But the point about human rights is that they are absolute. They need defending, no matter what the political or economic consequences and no matter in which country they happen to be under attack. The Declaration says that “life, liberty and security of person” … should be guaranteed to every individual and that … “no distinction shall be made on the basis of the political, jurisdictional or international status of the country or territory to which a person belongs.”

I, for one, am glad that this universal law exists. It was forged in the aftermath of two terrible world wars and it sets us on a new road to happiness. It makes it clear that there is no longer any divine right of kings or princes or dictators or tribal leaders or military commanders to abuse their citizens or to rob them of their liberty or their property or their right to peacefully assemble.

Since 2002, we have had a permanent International Court of Justice, based in The Hague, which has slowly been bringing military commanders to justice from trouble-spots such as the former Yugoslavia, the Congo, Rwanda and Sudan. Let’s hope Gaddafi ends up in the dock there. In Scotland, we have known what he is capable of since that dreadful December night at Lockerbie in 1988.

But in our rage against this man, it’s worth remembering what the air-strikes against his planes and tanks are not about. They are not designed to help one fighting faction against another in Libya. They are not to bring about western-style democracy – though that would be a great step forward for the Libyan people, at least I like to think so.

They are not to secure oil supplies. They are not to further British interests. They are not to punish Gaddafi for being a left-wing revolutionary and gadfly of the west. They are only to protect civilians from military attack and secure their basic human rights.

We need to go carefully into this quagmire. We need to set limits to our intervention. And we need to plan a way out. Having intervened, we have a duty to leave things better than we found them and to support the transition to a new constitution. We made many mistakes in post-invasion Iraq and things are proving difficult in Afghanistan, but we should not be put off defending ordinary innocent populations.

To arm the rebel forces is, in my view, too dangerous a tactic. We don’t quite know who they are. One American intelligence report says they may contain “flickers” of al-Qaeda. We certainly know they are not a well trained and disciplined army, and who is to say they may not turn their rockets on civilians in Tripoli in their desperation to get Gaddafi?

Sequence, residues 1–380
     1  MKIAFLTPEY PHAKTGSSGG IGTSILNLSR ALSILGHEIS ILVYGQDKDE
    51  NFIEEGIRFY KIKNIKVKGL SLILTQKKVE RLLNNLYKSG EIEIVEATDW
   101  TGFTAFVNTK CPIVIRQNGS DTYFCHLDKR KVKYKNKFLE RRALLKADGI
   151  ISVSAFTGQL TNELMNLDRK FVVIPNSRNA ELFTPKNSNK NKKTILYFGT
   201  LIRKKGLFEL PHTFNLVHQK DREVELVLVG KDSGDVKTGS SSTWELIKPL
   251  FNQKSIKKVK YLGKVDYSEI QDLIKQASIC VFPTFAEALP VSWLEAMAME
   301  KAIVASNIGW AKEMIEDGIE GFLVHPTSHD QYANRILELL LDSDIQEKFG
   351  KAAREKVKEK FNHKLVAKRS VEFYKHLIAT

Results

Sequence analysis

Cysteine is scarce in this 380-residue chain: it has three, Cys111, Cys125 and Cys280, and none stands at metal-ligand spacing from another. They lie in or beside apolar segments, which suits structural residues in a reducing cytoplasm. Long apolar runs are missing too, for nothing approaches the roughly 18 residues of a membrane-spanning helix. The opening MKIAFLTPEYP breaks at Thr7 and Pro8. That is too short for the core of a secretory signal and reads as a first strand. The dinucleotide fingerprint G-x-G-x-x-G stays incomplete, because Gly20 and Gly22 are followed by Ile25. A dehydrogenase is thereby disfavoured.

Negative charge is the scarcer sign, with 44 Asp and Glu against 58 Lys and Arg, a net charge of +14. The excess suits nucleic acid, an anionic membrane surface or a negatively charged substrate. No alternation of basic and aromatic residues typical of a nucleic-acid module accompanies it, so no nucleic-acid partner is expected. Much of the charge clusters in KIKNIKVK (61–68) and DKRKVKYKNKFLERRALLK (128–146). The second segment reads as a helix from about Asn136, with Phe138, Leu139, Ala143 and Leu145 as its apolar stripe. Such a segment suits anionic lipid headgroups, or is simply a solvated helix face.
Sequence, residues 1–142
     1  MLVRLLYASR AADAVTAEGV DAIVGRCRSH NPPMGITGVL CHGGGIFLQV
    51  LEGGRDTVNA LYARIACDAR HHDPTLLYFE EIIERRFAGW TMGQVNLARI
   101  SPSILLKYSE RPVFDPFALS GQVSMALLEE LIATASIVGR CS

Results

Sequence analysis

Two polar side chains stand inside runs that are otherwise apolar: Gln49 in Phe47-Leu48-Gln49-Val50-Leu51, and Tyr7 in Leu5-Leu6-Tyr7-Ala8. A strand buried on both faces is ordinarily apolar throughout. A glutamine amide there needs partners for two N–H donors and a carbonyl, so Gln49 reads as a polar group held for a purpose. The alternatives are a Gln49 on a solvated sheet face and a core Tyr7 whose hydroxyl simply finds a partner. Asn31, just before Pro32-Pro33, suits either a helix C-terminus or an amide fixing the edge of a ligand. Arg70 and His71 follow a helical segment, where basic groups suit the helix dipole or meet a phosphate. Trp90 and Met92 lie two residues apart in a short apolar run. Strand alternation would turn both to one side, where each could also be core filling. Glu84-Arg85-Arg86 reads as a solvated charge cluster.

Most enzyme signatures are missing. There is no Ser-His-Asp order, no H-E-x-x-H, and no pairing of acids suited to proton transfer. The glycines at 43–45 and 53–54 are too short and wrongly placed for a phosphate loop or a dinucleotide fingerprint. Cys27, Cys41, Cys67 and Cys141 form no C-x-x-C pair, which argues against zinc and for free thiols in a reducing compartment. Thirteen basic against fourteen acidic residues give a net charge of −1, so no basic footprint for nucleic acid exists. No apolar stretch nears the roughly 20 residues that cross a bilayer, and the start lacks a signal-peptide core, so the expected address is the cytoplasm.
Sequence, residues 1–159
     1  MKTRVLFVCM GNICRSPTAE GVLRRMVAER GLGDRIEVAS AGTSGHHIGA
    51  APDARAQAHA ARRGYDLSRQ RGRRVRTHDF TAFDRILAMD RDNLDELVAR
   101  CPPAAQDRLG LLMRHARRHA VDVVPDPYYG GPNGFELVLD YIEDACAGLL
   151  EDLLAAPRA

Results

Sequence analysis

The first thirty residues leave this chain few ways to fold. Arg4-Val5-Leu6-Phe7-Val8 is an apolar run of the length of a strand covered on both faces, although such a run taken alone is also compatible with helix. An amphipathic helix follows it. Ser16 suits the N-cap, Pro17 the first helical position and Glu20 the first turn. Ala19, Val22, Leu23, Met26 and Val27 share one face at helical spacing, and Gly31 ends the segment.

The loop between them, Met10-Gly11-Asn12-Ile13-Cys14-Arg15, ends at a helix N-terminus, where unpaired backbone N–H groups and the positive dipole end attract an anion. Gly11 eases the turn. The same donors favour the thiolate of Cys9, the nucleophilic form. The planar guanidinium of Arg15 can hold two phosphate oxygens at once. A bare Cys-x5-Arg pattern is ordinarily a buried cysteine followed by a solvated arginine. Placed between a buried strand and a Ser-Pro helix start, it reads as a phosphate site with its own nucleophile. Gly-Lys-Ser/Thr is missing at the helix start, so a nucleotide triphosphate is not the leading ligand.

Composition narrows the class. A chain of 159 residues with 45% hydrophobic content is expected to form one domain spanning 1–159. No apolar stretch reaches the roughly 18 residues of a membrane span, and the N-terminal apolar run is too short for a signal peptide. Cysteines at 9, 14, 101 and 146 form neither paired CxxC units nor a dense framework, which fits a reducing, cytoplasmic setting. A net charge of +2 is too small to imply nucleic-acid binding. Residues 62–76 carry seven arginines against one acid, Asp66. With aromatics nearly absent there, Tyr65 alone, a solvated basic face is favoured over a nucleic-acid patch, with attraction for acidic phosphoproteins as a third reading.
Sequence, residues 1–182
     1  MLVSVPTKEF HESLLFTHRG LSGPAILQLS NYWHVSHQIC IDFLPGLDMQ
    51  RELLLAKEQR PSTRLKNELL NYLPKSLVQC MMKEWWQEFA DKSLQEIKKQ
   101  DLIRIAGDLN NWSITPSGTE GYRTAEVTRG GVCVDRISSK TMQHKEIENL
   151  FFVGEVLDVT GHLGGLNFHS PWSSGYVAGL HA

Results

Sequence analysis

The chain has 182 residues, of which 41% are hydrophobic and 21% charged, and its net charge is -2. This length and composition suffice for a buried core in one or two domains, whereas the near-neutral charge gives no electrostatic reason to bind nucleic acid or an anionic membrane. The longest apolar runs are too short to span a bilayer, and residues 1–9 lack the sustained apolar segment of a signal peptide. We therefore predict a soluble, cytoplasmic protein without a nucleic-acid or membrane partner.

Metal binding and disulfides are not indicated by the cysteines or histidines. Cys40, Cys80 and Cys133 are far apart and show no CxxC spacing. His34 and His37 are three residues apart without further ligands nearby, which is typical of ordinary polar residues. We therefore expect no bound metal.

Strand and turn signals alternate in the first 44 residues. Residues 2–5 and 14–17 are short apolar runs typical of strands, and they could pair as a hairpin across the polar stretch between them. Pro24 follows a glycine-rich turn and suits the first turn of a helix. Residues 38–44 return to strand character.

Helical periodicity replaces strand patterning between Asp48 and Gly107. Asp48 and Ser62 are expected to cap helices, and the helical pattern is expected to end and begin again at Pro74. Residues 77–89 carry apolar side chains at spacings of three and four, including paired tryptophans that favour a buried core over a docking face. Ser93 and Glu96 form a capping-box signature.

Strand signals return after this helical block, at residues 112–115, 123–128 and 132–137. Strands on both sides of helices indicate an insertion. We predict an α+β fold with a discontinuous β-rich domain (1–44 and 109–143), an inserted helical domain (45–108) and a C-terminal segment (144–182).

The UN mission now is to keep on eye on things from the air, destroy tanks and rocket positions which are firing on, or threatening, civilian populations, and await developments. The rebels may take Tripoli, there may be further defections from the Gaddafi camp, the country may split in two. These political upheavals are a matter for the Libyan people. The UN is there simply to protect basic human rights and to provide humanitarian help to refugees and those who have lost their homes in the fighting.

The Libyan crisis remind us of the need to keep our armed forces up to scratch. Britain should be prepared to play its part in supporting UN operations and making the world a safer place. To continue doing this we will need the two aircraft carriers being assembled at Rosyth and the RAF bases at Leuchars and Lossiemouth and the aircraft that go with them.

Libya also reminds us of Edmund Burke’s old saying – “all that is necessary for the triumph of evil is that good men do nothing.”

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A US B-2 Stealth bomber returns from a raid on Libya <em>Picture: US Air Force/Kenny Holston</em>

A US B-2 Stealth bomber returns from a raid on Libya Picture: US Air Force/Kenny Holston

After three days of bombing, the UN/NATO/Arab League “coalition” fighting Colonel Muammar al-Gaddafi is showing signs of fatigue, frustration, confusion and possible collapse.

It’s not hard to see why. There is broad disagreement over whether Gaddafi is a target, whether his troops can be attacked in a no-fly zone, and whether under UN Resolution 1973 ground troops can be introduced to hasten the regime’s demise and prop up a rebel leadership of which we know very little.

If President Barack Obama wants to reduce the US role in the attacks on Libya, he is on solid ground: it was, after all, Britain and France that pushed for military action. The buck stops in London and Paris, rather than in Washington, this time around.

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Arab League support for the Libyan mission has been lukewarm at best, devious at worst: there are reports that it came at a price, namely a guarantee that the West turn a blind eye to the excesses of other despotic Middle East regimes even as it bombed the Libyan dictator. David Cameron suggested as much when he said Libya was a special case, and Britain had to consider its strategic interests elsewhere.